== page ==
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My class should extend two classes at the same time:

public class Preferences extends AbstractBillingActivity {

public class Preferences extends PreferenceActivity {

How to do so?

Upd. Since this is not possible, how should I use that AbstractBillingActivity with Preferences then?

Upd2. If I go with interfaces, should I create:

  1. BillingInterface

    public interface BillingInterface extends PreferenceActivity, AbstractBillingActivity {
    
    }
    
  2. PreferenceActivity

    public interface PreferenceActivity {
    
    }
    
  3. AbstractBillingActivity

    public interface AbstractBillingActivity {
    
            void onCreate(Bundle savedInstanceState);
    
    }
    

and then

public class Preferences implements BillingInterface {
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You can't: javaworld.com/javaworld/javaqa/2002-07/… –  James Allardice Jul 5 '11 at 19:10
1  
@LA_: A class can implement multiple interfaces but extends only one class, so you can implement your class with all your interfaces without merging all into one interface, if you want. –  Asad Rasheed Jul 5 '11 at 20:23
    
Once you have created AbstractBillingActivity and PreferenceActivity as interfaces, you don't need to create another interface named BillingInterface. Instead use this code: public class Preferences implements AbstractBillingActivity,PreferenceActivity –  Logan Jul 6 '11 at 4:44

8 Answers 8

up vote 14 down vote accepted

Java does not support multiple inheritance.

There are a few workarounds I can think of:

The first is aggregation: make a class that takes those two activities as fields.

The second is to use interfaces.

The third is to rethink your design: does it make sense for a Preferences class to be both a PreferenceActivity and an AbstractBillingActivity?

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Java doesn't support multiple inheritance. You can implement multiple interfaces, but not extend multiple classes.

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how should I use that AbstractBillingActivity (github.com/robotmedia/AndroidBillingLibrary) with Preferences then? –  LA_ Jul 5 '11 at 19:12
1  
I don't know. At first glance it doesn't make sens to want to extend both something called Preferences and BillingActivity - I don't see any link between these two. Use composition if your preferences need to store an billing activity thing or vice-versa. –  Mat Jul 5 '11 at 19:15
    
where can I read about composition? This is something new for me. Or, could you please post an example? Thank you. –  LA_ Jul 5 '11 at 19:18
    
Composition is just having an object as a member of another one. –  Mat Jul 5 '11 at 19:20

No you cannot make a class extend to two classes.

A possible solution is to make it extend from another class, and make that class extend from another again.

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What you're asking about is multiple inheritance, and it's very problematic for a number of reasons. Multiple inheritance was specifically avoided in Java; the choice was made to support multiple interface implementation, instead, which is the appropriate workaround.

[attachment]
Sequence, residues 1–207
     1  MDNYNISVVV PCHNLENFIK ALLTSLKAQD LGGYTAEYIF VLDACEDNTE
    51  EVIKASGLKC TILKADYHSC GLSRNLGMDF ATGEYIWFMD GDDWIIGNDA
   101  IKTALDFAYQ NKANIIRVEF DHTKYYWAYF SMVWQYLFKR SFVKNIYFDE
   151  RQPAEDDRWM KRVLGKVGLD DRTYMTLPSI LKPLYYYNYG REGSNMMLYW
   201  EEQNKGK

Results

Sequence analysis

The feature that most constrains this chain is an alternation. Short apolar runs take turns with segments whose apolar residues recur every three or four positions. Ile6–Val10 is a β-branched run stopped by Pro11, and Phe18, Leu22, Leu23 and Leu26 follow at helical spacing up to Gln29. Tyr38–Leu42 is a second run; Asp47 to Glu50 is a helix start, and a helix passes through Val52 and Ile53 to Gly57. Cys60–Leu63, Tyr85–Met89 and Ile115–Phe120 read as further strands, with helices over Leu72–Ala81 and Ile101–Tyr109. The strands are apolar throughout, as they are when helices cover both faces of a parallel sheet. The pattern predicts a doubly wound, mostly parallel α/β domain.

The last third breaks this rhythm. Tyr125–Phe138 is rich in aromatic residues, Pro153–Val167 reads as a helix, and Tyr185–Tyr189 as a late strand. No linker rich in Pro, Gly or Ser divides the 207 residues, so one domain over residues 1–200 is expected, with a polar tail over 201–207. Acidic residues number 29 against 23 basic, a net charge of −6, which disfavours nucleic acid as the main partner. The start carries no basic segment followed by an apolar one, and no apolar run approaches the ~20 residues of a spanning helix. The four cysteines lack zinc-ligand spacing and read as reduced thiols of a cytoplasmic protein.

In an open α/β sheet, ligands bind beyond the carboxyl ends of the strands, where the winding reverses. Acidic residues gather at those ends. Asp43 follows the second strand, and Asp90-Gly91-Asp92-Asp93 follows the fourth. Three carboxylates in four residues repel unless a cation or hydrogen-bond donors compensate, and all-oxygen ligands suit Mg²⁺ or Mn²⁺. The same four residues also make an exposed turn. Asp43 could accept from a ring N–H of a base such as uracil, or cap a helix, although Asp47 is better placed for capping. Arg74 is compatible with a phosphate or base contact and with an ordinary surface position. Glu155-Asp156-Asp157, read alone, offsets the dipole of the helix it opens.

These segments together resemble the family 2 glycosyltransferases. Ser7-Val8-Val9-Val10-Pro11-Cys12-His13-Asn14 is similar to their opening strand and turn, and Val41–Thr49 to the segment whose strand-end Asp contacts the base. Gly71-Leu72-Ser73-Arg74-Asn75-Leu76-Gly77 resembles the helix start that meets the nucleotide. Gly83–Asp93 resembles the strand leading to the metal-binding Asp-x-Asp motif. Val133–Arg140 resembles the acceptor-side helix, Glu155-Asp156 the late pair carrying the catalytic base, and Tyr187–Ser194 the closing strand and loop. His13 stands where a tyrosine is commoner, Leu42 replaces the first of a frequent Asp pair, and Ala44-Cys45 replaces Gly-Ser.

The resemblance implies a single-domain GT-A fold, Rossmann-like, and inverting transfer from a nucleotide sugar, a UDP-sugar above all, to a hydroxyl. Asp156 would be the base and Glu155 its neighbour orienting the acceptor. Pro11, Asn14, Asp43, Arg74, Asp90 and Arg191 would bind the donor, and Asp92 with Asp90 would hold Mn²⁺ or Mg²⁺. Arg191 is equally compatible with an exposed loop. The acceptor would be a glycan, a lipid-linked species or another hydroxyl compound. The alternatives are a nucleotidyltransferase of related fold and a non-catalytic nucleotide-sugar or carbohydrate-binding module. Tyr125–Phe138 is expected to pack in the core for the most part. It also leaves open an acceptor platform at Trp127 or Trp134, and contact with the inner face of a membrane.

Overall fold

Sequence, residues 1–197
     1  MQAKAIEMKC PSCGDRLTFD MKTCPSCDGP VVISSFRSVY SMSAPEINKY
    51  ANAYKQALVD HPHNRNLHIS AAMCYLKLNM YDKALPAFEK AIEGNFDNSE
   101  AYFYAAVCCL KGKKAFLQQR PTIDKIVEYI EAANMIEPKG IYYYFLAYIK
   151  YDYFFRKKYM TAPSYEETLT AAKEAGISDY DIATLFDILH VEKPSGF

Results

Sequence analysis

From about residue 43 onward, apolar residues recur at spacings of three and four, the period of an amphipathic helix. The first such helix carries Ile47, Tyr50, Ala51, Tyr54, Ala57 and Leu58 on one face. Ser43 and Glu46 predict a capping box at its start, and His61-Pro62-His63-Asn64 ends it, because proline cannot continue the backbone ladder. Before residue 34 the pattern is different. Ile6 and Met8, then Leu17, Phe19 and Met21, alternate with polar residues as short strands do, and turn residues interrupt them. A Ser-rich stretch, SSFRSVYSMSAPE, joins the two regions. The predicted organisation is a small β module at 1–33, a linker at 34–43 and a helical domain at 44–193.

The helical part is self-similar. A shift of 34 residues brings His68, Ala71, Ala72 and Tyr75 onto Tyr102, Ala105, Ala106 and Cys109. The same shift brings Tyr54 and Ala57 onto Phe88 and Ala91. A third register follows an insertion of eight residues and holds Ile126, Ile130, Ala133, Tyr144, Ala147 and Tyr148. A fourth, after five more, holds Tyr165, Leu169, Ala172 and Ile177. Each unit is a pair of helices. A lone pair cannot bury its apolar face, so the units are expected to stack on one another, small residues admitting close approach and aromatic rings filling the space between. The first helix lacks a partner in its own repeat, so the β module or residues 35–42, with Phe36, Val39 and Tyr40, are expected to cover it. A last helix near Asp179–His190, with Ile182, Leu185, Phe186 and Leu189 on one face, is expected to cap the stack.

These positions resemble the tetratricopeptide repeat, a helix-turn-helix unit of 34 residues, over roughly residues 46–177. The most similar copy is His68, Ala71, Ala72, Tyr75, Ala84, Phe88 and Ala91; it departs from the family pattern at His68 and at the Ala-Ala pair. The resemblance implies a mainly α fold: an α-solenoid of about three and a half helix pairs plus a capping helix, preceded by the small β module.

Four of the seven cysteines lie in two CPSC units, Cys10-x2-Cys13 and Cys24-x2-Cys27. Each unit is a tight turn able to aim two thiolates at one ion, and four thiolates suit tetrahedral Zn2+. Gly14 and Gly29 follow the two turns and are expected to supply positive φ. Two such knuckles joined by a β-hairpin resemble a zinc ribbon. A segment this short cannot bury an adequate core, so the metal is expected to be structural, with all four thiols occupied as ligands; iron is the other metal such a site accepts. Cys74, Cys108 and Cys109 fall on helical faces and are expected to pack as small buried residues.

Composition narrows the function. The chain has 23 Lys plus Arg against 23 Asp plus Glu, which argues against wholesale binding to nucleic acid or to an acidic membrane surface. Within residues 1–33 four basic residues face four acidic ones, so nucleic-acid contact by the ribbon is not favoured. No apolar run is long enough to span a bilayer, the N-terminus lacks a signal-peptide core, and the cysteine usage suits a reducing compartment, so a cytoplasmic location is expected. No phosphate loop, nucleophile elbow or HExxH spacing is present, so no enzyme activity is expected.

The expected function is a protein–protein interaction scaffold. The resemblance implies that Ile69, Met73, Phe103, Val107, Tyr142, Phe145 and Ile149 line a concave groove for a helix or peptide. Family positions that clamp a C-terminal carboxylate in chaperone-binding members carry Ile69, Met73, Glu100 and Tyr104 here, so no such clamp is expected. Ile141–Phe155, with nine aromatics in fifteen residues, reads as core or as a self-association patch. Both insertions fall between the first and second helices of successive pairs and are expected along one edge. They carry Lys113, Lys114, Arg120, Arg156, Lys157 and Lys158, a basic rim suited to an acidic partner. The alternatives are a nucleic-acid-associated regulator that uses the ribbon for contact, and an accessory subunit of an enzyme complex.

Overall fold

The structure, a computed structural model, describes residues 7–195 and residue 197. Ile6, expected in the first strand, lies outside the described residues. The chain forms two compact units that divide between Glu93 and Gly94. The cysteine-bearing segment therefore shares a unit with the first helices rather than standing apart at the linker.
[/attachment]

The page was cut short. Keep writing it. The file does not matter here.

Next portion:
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Java does not support multiple inheritance, that's why you can't extend a class from two different classes at the same time.

Rather, use a single class to extend from, and use interfaces to include additional functionality.

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could you please check my question, upd2? I never worked with interfaces before. –  LA_ Jul 5 '11 at 19:34

Java 1.8 (as well as Groovy and Scala) has a thing called "Interface Defender Methods", which are interfaces with pre-defined default method bodies. By implementing multiple interfaces that use defender methods, you could effectively, in a way, extend the behavior of two interface objects.

Also, in Groovy, using the @Delegate annotation, you can extend behavior of two or more classes (with caveats when those classes contain methods of the same name). This code proves it:

class Photo {
    int width
    int height
}    
class Selection {
    @Delegate Photo photo    
    String title
    String caption
}    
def photo = new Photo(width: 640, height: 480)
def selection = new Selection(title: "Groovy", caption: "Groovy", photo: photo)
assert selection.title == "Groovy"
assert selection.caption == "Groovy"    
assert selection.width == 640
assert selection.height == 480
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I believe that one good way to simulate inheritance is using mixin.

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another solution is to create a private inner class that extends the second class. e.g a class that extends JMenuItem and AbstractAction:

public class Myclass Extends JMenuItem {


    private class MyAction extends AbstractAction {
    //this class can access everyithing from its parent...

    }

}
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